May 7: Build first, talk later
The North Sea coast is a sweet spot for coal fired power plants. But in response to popular protests, advisors to the German government plea for a societal discussion on carbon capture and storage (CCS). Meanwhile construction is ongoing.

Cheap overseas transport of coal, abundant cooling water and the perspective of offshore locations for carbon storage make the North Sea coast a favourite spot for coal fired plants. We encountered one in Delfzijl and in Wilhelmshaven two others are under construction. Mind you, this is by no means a complete inventory of projected plants. These are just the sites that we stumbled upon.
Coal fired plants have drawn the attention of climate activists in Germany because of their high carbon output (about double the amount of a comparable gas fired plant) and their future reliance on carbon capture and storage - a technology that is to store CO2 in geological layers for thousands of years but that has nowhere yet been applied on a relevant scale.
In Germany, enviroment advisors to the government now plea for a societal discussion of CCS technology and to halt the law on this issue that has recently (April 1st 2009) been drafted. According to it, three CCS test projects are designated, among which one in Wilhelmshaven.
Yesterday, in a meeting at Wilhelmshaven various participants uttered their doubts on CCS technology. The local newspaper Wilhelmshavener Zeitung put an article on the event on their front page (May 7th 2009).

The socialist party SPD said that CCS technology would not be ready before 2020 - a position that can hardly be called controversial or extremist.
The green party (Grünen) concluded that over the next ten years, no relevant contribution to CO2 emissions reduction could be expected from CCS technology. Bärbel Höhn (vice president of the green party in the parliament) said: “The vague hope of CCS cannot possibly justify the construction of climate-destructive coal fired plants”.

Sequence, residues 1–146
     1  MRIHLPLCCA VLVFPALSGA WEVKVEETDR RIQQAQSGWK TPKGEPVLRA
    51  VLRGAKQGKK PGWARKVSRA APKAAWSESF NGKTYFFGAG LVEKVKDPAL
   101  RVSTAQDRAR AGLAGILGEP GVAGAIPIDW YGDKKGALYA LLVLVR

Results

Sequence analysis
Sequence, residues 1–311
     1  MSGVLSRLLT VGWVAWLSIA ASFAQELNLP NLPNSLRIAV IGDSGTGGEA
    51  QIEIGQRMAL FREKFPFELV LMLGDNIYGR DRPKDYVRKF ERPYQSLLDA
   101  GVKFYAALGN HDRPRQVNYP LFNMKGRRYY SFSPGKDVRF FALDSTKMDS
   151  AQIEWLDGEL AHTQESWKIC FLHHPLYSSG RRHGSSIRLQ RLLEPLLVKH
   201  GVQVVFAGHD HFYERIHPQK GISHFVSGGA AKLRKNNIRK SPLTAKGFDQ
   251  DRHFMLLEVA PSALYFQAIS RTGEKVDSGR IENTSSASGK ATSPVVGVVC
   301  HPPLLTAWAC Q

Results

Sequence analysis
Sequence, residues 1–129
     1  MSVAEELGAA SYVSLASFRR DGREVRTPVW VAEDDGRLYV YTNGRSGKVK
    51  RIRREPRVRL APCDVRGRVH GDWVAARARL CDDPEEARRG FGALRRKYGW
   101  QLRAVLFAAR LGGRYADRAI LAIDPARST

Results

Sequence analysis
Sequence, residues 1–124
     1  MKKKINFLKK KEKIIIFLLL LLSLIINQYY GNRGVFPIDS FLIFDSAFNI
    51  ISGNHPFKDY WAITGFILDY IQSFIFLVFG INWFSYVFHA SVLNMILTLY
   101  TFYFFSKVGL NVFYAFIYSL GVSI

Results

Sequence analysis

Niedersachsen's minister of economical affairs Philipp Rösler doubted the economic feasibility of carbon storage. The costs (around 50 euros per tonne) are to be covered by CO2-certificates, which polluters have to pay for. Rössler is in favour of the CO2-certificate system, but only if it would be internationally adopted. German industry would be unfairly hindered if Germany was to introduce the certificates on its own, Rössler argues.
But there is another snag. The contracts between the power plant owners (Eon and EDF Suez) and the city of Wilhelmshaven state that the power companies will apply CCS as soon as it is 'economically feasible'. In other words, even if the technology gets developed and scaled up, it will still not be used as long as it is too expensive in the opinion of the power producers. Which may be a long time indeed.
The societal discussion on CCS is probably a good idea, since there are a lot of issues both technical and economical that need to be clarified before society gets led into a blind alley of ever increasing carbon emissions. As things stand today, the doubtful promise of CO2-storage is a cheap marketing trick to sweeten up the tainted reputation of coal fired plants.
In Holland the environment minister Jacqueline Cramer keeps saying the new coal plants in Holland will be among the cleanest in the world. How this miracle is to be performed is never specified, neither asked. The discussion hasn't even started there yet.
Economically, investments in coal fired plants are justified by the perspective of growing demand of power (as predicted by the International Energy Agency IEA) and rising gas prices (before the demand dropped because of the credit crunch that is).
There is little we can do about coal prices. But environmentally conscious consumers would do well to couple their protest to a reduction in domestical power consumption. A fast growing green movement could thus make new coal plants redundant.